The phases formed in the prepared powders and after the heat treatment were examined with an X-ray diffractometer (X’Pert PRO Alpha-1, PANalytical B.V., The Netherlands), using Cu-Kα emission and a θ-2θ geometry.
The morphology of the particles was examined using a scanning electron microscope (JSM-6510LA, JEOL, Japan) equipped with an energy dispersive X-ray spectrometer (JED-2300, JEOL, Japan). Higher magnification images were obtained using a transmission electron microscope (JEM-2100, JEOL, Japan) operated at 200 kV. For the TEM observation, a specimen was ground with a mortar and pestle, and then suspended in ethanol. A small drop of the suspension was placed onto a collodion-coated Cu grid and dried before observation.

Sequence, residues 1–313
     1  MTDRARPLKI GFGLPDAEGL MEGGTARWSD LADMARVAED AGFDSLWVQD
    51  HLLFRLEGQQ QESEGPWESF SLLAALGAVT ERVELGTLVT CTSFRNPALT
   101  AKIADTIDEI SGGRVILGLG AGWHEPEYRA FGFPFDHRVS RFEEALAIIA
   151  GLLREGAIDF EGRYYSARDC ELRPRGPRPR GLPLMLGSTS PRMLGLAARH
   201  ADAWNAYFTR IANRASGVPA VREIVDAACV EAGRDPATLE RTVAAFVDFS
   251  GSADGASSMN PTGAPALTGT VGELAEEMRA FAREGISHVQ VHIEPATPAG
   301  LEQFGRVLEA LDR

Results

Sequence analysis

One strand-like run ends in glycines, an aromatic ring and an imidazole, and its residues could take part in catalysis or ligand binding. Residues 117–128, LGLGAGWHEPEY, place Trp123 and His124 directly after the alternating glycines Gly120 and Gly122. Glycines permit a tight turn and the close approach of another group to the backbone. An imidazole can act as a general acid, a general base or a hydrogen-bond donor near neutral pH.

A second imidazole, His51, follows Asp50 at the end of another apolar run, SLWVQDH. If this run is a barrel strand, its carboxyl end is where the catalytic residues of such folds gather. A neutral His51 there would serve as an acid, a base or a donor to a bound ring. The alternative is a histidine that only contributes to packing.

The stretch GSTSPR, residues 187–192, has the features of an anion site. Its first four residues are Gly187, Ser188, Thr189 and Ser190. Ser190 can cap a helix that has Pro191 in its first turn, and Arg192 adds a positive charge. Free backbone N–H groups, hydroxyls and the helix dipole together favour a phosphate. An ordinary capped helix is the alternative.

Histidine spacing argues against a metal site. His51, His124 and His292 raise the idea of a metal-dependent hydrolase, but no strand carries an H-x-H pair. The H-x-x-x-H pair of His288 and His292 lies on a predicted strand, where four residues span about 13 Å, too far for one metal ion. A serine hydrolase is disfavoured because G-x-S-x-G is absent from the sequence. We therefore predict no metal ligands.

The oxidation states of Pd and Ce in the prepared powders before and after heating were examined with an XPS instrument (1600E, ULVAC PHI Inc., Japan), using Mg-Kα radiation operated at 15 kV and 400 W. Argon sputtering, which is widely used for depth profiling in XPS measurements, was not employed here because it might reduce Pd and Ce to lower oxidation states [35,36]. The experimental data were analysed with the MultiPak ver. 6.2.1 software, to fit the spectra with Gaussian-Lorentzian peaks after Shirley background subtraction. A C1s peak of a contamination carbon was used as an internal standard.

4. Conclusions